|courtesy google images|
We have succeeded, nationally, in drastically reducing the number of impounds of lost dogs. Spay/neuter efforts, leash laws, identification systems, and more committed pet owners have helped reduce unwanted dogs, reunite lost dogs with their people, and achieve buy in to the idea that families keep a dog for the duration of the dog's life.
Not so with cats. Not at all.
Many continue to let their cats outside to roam, intact and without identification, all to the detriment of the cats and other wildlife. First, people don't realize their cat is lost until it's too late. Second, authorities can't discern between a lost cat, a community cat and cat transitioning to feral status. Third, the cats on the street are breeding, ailing and serving as food for predatory animals.
Consequently, we are using resources to find a cat who already has a home, a new one, perhaps at the expense of a cat who never had one. Instead of giving every animal an opportunity for a family, we are giving some multiple tries, and others, no chance at all.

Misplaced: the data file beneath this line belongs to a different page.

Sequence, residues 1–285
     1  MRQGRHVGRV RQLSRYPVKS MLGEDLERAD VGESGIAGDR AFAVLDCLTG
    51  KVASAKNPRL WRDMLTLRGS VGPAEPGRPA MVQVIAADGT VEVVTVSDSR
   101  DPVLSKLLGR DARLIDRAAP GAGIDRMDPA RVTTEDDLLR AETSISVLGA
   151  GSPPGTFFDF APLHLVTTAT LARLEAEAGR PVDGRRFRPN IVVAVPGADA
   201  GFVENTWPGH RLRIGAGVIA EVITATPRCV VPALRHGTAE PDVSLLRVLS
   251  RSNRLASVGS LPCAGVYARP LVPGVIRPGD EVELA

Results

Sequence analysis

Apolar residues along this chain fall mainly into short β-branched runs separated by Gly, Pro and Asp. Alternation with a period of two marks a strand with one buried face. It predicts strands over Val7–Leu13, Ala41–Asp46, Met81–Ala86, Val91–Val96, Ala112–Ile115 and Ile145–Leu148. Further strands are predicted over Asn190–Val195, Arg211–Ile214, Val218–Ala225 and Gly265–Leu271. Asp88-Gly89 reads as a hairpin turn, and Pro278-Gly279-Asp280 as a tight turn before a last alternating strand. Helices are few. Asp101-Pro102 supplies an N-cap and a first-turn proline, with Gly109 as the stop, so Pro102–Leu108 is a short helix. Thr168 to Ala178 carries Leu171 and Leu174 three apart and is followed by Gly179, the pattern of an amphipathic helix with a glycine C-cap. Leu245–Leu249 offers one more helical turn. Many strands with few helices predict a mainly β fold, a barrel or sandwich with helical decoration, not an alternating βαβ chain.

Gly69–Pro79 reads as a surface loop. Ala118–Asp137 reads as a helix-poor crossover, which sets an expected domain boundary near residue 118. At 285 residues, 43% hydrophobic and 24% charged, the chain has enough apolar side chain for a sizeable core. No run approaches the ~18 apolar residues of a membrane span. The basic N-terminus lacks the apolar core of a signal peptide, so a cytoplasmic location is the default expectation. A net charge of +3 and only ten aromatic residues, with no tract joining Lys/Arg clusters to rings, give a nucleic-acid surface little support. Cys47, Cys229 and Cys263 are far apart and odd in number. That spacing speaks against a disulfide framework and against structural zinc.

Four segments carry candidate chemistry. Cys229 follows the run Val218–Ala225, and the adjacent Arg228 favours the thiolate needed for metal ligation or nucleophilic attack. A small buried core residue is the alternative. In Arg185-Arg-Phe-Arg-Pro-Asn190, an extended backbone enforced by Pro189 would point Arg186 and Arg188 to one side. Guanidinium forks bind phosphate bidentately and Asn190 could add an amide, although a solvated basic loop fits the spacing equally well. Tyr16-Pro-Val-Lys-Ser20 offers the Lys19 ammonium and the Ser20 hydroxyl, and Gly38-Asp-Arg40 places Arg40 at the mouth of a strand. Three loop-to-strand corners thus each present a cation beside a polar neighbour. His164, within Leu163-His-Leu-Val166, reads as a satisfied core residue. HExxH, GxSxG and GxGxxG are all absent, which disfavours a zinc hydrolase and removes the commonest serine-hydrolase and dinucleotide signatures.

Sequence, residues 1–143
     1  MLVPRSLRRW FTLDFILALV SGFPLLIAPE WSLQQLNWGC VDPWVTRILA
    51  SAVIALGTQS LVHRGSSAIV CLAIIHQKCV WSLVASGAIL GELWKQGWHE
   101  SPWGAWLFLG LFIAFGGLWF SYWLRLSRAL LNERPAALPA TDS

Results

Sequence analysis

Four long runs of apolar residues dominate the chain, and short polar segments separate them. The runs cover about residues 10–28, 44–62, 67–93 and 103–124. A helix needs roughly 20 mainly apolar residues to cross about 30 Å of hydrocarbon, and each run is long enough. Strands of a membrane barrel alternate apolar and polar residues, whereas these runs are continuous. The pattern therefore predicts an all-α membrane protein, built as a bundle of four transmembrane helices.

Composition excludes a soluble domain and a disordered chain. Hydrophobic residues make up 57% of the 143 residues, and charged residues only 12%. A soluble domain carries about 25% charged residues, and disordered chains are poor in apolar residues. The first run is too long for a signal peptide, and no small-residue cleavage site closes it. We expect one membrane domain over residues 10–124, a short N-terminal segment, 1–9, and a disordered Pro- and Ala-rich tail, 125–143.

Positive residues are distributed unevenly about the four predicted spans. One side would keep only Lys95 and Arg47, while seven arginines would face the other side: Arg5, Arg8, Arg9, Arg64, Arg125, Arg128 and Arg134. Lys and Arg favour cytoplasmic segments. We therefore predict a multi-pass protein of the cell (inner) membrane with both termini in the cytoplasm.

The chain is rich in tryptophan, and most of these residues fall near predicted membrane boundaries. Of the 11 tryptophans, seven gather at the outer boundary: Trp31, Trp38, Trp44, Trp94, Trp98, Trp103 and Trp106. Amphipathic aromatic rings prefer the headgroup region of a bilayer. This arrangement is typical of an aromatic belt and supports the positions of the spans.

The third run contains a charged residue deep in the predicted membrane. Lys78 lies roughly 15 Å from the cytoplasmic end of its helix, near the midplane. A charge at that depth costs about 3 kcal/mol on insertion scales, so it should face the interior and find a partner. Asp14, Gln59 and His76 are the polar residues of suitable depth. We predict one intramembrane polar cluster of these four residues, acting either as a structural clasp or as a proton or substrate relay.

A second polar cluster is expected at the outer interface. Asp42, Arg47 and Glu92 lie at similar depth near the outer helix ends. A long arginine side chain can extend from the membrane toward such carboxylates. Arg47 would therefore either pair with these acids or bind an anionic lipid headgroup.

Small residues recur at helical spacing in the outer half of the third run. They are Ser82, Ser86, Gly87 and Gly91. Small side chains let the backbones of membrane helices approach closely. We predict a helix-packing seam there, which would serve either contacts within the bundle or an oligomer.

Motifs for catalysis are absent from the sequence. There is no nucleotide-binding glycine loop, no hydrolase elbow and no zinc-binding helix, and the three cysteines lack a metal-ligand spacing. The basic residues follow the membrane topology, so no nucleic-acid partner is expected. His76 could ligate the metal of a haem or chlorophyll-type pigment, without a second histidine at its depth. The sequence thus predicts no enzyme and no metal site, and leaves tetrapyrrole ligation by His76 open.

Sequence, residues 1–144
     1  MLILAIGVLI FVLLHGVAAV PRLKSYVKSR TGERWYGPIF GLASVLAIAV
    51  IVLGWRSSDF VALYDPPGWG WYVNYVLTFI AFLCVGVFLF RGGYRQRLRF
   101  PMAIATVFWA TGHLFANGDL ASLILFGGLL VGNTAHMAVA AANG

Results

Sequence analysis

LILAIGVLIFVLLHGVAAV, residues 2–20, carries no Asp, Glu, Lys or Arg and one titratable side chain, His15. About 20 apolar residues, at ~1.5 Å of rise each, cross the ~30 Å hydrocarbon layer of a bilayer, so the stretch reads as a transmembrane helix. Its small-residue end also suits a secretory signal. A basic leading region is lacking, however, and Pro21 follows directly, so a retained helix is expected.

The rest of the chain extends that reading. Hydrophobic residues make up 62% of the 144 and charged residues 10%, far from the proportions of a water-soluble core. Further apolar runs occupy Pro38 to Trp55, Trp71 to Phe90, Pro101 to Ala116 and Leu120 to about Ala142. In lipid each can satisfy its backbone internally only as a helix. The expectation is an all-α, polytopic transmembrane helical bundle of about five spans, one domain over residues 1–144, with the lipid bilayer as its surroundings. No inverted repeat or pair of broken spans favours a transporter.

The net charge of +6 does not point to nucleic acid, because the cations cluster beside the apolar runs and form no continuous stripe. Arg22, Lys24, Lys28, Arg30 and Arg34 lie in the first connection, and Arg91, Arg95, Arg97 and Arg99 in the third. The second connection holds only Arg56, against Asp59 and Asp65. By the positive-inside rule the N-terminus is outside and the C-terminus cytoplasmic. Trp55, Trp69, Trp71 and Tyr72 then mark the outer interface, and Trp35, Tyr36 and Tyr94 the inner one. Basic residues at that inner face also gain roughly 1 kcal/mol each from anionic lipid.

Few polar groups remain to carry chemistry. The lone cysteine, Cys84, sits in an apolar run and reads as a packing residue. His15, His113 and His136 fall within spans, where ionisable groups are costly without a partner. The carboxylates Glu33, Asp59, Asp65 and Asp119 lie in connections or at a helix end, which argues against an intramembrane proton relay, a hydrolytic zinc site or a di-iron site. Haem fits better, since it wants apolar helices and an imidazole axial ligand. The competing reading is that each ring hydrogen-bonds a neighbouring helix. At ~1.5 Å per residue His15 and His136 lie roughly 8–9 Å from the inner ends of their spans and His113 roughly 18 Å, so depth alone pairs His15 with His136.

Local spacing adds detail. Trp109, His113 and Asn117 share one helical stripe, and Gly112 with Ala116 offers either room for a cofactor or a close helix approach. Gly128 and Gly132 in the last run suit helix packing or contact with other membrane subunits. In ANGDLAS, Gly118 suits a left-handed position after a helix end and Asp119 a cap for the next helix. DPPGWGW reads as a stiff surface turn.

Imagine if all pets were required by law to be contained on their property, or if out strutting, be required to be on a leash. Then imagine if all the funds, food, medicine and cage space were freed up for those pets who truly needed a home rather than for those just needing a different home with more committed human companions.
This effort alone would result in a substantial decrease in the number of animals in shelters, the amount of euthanasia performed, and would propel us forward in our resolve to end the pet overpopulation crisis. As an ancillary benefit, we would learn to value the pets we have, thereby reducing the market for unscrupulous breeders. Only then would we begin to live an ethic that treats companion animals like family members rather than like disposable commodities or Doritos.
It would certainly help hoist me out of my existential pit. Isn't that worth something?